Sandy Srinivas, MD: It depends on the type of patients you see. In my practice, for patients with more advanced disease, we’ll talk a little more about the VISION trial. But in the VISION trial, all patients ended up having a positive PSMA as an inclusion. It turned out that close to 85% of patients with advanced disease do have a positive PSMA expression. We know this from earlier studies showing us that PSMA is prognostic. As you get more treatment, perhaps with AR [androgen receptor]-directed therapy, there’s increased expression of PSMA. You can even see in patients with localized disease, those with more aggressive disease have a higher PSMA expression. It’s going to be interesting to see how we utilize this imaging, and in which patient population it is going to add the most value. It’s remarkable that it’s prognostic, and now we’re able to target it both therapeutically and diagnostically.

Alicia K. Morgans, MD, MPH: I agree. I heard a talk once that compared our ability to target PSMA with imaging as a light bulb, and our ability to target it with theragnostics as a little bomb, and to think about PSMA being utilized in both ways, allowing us to image our patients potentially more sensitively or accurately, as well as potentially to treat our patients. It’s really interesting, because both of those characteristics are there. But we should be very careful and also explain that there are different ways for us, at least in imaging, to target PSMA. There are also multiple ways to target it therapeutically. Phil, I’d love to hear from your perspective a characterization of some of the different agents that we can use to target PSMA with imaging. Let us know how those approvals—because they’re approved at this point—have panned out.

Phillip J. Koo, MD: Sure. As of today, speaking for the diagnostic perspective, there are 2 approved PSMA-targeted diagnostic agents. Gallium 68 PSMA-11 was approved at UCSF [University of California, San Francisco] and UCLA [University of California, Los Angeles] in December of 2020. Then we have the F18 [fluorine-18]-based PyL compound that was approved in May of 2021. Both of these agents, for all intents and purposes, are the same. There are subtleties in image quality, biodistribution, and dosimetry. But for all the users out there, the end product is pretty much the same, and the output will be pretty much the same.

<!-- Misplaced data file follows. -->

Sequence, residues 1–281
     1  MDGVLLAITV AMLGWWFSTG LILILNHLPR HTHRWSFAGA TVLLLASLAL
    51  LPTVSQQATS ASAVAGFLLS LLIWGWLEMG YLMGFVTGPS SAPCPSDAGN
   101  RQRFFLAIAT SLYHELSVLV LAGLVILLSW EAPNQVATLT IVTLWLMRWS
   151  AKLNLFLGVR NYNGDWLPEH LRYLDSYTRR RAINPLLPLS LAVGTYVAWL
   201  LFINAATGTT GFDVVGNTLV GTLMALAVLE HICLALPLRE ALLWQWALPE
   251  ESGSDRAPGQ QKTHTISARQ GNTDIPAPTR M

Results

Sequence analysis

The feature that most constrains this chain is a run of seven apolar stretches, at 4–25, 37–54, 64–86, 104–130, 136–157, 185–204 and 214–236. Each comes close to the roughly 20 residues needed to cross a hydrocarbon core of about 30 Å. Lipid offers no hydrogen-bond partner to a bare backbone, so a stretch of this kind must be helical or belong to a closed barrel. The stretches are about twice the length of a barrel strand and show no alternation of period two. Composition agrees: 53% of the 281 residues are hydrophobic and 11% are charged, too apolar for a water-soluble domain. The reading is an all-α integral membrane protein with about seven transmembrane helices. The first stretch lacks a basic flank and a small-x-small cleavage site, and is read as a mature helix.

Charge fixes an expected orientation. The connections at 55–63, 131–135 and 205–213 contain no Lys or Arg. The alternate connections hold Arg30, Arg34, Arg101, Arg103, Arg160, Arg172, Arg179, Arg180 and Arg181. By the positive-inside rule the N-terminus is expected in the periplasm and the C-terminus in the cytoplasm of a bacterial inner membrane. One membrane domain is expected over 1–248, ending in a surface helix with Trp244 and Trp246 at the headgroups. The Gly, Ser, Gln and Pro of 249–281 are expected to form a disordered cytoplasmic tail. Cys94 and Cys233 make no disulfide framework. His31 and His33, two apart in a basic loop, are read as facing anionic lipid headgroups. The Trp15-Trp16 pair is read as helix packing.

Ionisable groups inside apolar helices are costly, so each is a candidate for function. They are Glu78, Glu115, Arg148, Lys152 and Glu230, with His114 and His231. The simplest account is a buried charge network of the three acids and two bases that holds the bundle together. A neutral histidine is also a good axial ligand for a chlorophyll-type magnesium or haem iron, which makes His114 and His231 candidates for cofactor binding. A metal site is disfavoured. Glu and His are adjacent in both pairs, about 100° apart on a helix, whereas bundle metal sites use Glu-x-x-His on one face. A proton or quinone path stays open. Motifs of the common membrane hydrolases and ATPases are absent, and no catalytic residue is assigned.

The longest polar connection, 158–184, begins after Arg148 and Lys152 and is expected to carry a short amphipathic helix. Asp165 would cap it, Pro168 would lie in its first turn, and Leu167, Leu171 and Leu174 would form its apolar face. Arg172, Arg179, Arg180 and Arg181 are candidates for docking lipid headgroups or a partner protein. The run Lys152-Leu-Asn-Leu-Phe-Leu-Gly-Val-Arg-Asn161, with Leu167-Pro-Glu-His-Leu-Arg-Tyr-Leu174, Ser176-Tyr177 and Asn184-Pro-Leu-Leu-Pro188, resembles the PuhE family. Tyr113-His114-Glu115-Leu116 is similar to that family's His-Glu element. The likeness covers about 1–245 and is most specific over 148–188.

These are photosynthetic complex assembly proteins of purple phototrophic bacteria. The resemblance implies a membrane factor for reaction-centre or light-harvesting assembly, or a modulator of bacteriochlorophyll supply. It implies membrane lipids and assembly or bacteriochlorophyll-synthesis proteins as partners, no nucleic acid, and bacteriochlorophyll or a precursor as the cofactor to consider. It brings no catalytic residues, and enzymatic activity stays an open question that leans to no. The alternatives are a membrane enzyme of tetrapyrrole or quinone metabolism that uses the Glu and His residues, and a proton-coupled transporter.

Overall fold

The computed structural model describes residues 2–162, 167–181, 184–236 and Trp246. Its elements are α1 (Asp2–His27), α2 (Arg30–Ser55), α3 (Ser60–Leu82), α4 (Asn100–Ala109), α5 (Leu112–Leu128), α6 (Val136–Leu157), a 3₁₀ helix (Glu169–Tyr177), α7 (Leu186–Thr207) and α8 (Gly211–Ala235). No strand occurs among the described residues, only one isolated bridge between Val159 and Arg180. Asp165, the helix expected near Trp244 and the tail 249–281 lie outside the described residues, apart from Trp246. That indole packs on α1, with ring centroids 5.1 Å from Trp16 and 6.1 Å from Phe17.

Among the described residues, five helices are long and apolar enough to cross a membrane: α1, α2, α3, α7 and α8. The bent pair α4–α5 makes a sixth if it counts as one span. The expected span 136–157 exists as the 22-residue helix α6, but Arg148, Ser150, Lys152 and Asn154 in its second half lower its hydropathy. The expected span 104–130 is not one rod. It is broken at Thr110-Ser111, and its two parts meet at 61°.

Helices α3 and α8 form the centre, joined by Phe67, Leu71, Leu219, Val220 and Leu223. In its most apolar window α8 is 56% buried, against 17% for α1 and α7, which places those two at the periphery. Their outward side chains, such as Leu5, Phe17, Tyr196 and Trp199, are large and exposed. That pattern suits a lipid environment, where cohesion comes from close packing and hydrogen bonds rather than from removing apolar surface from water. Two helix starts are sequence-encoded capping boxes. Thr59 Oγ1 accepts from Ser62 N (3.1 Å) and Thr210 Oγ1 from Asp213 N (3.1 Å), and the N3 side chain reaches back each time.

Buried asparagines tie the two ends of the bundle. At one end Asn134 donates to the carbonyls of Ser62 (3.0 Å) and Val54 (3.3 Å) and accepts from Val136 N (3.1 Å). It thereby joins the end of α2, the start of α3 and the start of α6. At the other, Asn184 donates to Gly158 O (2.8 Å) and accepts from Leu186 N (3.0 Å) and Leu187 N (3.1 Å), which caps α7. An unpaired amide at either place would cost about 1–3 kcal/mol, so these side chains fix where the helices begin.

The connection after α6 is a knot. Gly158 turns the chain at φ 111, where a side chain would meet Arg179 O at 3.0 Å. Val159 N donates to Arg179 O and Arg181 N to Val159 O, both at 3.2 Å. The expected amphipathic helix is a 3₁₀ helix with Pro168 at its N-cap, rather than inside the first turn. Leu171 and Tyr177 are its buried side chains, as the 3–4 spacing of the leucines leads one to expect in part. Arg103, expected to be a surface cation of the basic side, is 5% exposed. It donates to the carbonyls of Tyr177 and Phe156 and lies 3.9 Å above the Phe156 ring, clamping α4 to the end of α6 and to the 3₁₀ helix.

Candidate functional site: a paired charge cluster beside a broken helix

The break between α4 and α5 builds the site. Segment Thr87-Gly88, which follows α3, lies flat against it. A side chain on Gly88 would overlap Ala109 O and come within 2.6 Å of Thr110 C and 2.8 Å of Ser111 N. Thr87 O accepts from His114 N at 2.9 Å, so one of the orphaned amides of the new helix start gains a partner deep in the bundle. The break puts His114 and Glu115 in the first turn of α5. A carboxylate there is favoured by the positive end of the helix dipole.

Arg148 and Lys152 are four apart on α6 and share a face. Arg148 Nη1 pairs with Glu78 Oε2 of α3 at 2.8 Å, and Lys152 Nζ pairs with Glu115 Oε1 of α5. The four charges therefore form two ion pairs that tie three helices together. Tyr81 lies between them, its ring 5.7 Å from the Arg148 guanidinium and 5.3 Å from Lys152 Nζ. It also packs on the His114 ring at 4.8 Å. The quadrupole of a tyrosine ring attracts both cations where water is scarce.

What we’re seeing right now, especially in the United States, is a relatively rapid rollout of these agents. With the Gallium 68 PSMA limited to UCSF and UCLA, there was clearly a limitation in access. Patients would only be able to get access at those 2 sites. Now, we’re seeing nationwide commercialization of the PyL compound because of the isotope, which allows it to be distributed across the United States pretty easily. This is going to really change what we see in terms of access. Then we have other compounds, such as the Gallium 68 PSMA-11 kit, which will also help us increase the access for patients across the United States. But again, the performance is pretty much all the same. So if we say PSMA-targeted PET or PSMA PET, they’re all going to be roughly the same.

Alicia K. Morgans, MD, MPH: Great, thanks. That’s so helpful. It’s also helpful to understand that these are different compounds between the gallium and the fluoride, and that the gallium agent at this point, also a very good agent, is only available at 2 sites in the United States, so we were very excited when it was approved. It’s showing a shift in our paradigm and opportunities to potentially identify patients for these therapeutic agents that we’ll discuss later. But it wasn’t necessarily something that we could see at all sites, and so that’s a bit of a challenge for some of our patients who do not live near those particular sites.

Transcript edited for clarity.